Second of two parts
The building at 652 Baker Street, presently home to King’s, has been a restaurant for nearly 50 years, but was originally a grocery store in the Tremont block.
Over several stages in 1899, John J. Malone and partner Alfred Tregillus put up three adjacent brick buildings that expanded and improved upon their existing Tremont Hotel, a frame building erected eight years earlier on the same site.
According to Nelson: A Proposal for Urban Heritage Conservation, the Tremont block “added substantially to the character of the Baker Street frontage.” Common decorative elements tied the overall facade together.
In addition to the hotel in the middle section — which boasted Turkish baths and a bowling alley — the block contained several storefronts, including a barber shop and T.H. Roberts’ Nelson Bazar, a second-hand store.
The western-most portion, which survives today as King’s Restaurant, was designed by local architectural firm Ewart and Carrie and built in pressed white brick. Even before its completion in late 1899, it was rented to grocers Christopher Morrison and William J. Caldwell, who apparently did business in an existing building on the site.
At the same time, Dr. G.A.B. Hall erected a very similar-looking block immediately adjacent on the west with the same materials and labour. (It burned in 1976 while occupied by Nelson Home Furniture. Now known as the Keenan Block, it was rebuilt incorporating the scorched but still-standing brick walls.)
Morrison and Caldwell were only in business until about 1903, after which it becomes difficult to track changes in their part of the Tremont block. By 1910, it was home to the People’s Store, a haberdashery run by T.H. Newitt & Co. In 1913, D.W. Hutchinson had a similar business, and then it was vacant for two years.
In 1911, Malone and Tregillus sold the Tremont Hotel to F.E. Ransome and Alex Campbell. Later owners and managers included Fred Nilson, Gus Johnson, Vic Melin, Albert Gibbon, P. Grove and S.O. Sorenson, who renamed it the Noble Hotel around 1939.
Frank Eberle took over the hotel around 1944 and started a popular children’s wear and toy store there known as the Children’s Shop and later Eberle’s Junior Shop. By 1951, the hotel’s middle and east sections were demolished to make way for a parking lot for the new Greyhound depot next door. (The exact date is elusive.)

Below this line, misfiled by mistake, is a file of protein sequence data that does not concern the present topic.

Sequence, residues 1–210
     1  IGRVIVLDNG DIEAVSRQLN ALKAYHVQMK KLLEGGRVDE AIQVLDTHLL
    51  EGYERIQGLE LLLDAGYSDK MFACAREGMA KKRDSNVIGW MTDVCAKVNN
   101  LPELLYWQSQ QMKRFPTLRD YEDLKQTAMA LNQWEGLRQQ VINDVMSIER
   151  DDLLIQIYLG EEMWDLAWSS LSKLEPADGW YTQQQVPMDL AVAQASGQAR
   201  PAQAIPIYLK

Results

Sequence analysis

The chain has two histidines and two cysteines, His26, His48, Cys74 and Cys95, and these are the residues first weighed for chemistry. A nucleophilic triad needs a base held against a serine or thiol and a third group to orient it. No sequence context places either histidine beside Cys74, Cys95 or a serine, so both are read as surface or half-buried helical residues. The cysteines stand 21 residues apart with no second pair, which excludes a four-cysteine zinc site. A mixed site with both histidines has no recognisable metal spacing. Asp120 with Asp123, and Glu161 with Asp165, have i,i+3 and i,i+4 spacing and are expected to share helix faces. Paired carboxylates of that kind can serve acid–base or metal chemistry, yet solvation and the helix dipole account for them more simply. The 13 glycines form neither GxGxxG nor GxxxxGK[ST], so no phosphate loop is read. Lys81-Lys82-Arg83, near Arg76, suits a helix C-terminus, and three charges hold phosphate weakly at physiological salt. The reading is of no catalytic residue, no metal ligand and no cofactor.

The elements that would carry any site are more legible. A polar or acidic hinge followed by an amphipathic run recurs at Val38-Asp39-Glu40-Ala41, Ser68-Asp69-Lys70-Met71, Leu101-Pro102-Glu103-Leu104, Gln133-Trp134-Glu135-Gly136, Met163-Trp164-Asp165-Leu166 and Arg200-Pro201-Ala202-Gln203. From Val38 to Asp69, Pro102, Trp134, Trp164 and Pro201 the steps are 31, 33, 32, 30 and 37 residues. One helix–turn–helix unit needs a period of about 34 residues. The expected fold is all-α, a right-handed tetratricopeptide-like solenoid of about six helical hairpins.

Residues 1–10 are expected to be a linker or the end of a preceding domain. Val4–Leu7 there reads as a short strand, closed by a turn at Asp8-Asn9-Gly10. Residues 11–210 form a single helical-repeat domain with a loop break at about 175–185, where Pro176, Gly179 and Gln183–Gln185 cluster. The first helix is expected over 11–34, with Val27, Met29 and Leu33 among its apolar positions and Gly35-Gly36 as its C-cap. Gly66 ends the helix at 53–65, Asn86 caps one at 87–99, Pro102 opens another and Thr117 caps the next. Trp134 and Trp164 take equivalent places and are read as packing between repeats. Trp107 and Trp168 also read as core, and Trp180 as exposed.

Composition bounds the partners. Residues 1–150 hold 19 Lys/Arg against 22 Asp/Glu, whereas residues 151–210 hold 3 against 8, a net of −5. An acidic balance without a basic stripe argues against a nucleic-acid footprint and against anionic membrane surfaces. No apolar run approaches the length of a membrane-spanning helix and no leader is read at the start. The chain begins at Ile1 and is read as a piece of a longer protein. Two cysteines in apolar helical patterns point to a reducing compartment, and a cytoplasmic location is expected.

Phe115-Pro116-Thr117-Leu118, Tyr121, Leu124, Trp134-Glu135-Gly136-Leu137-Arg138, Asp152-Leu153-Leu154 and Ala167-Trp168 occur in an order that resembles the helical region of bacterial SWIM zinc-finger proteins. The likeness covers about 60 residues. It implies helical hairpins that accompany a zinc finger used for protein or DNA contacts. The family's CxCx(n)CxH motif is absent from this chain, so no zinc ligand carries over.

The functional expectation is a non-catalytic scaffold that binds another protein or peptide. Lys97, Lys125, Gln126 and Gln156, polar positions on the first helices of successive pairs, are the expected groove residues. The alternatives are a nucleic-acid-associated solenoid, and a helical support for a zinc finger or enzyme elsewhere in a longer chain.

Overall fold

Eberle continued to run his clothing business and rent upstairs rooms in the remaining section until about 1965, when it became home to the Purple Lantern, a Chinese-Canadian restaurant managed by Joseph Hingwing. However, the building was still known as the Eberle Block long afterward.
Around 1975, Don Chow, Ken Chan, Don Der, and Dean Louie became partners in the restaurant but within a couple of years it was renamed the Bossy Place under the ownership of Anne Kwan’s brother, Tim Jay. In 1980, it was known as the China Village, and the following year it became King’s in a partnership between Terry Kwan and Lawrence and Fay Mar. The Mars sold to the Kwans in 2001 and recently moved to Vancouver.
Former parliamentary poet laureate Fred Wah worked with Lawrence Mar in their youth and mentioned him in a prose poem entitled I Hardly Ever Go Into King’s Family Restaurant, in which Wah expressed ambivalence about his own cultural identity.
As for the building itself, although the ground floor has been extensively renovated, it’s believed to have a hidden tin ceiling while the upper story facade still boasts some Queen Anne brickwork.
It also has a few quirks: there’s a peculiar addition on the building’s east side which encases the second floor staircase. It was probably built in the 1940s when the rest of the block was demolished.
There’s also a curious two-storey brick structure in the back with a pointed roof that is used for storage. Its front is not visible from Baker Street. Possibly this was the old location of grocers Morrison and Caldwell. When their new building was under construction in 1899, the Nelson Daily Miner reported: “Their old store building will be moved to the back part of the lot.” It’s unclear what the old store looked like, but a fire insurance map indicates it was of frame construction, so the brick veneer may have been added later.
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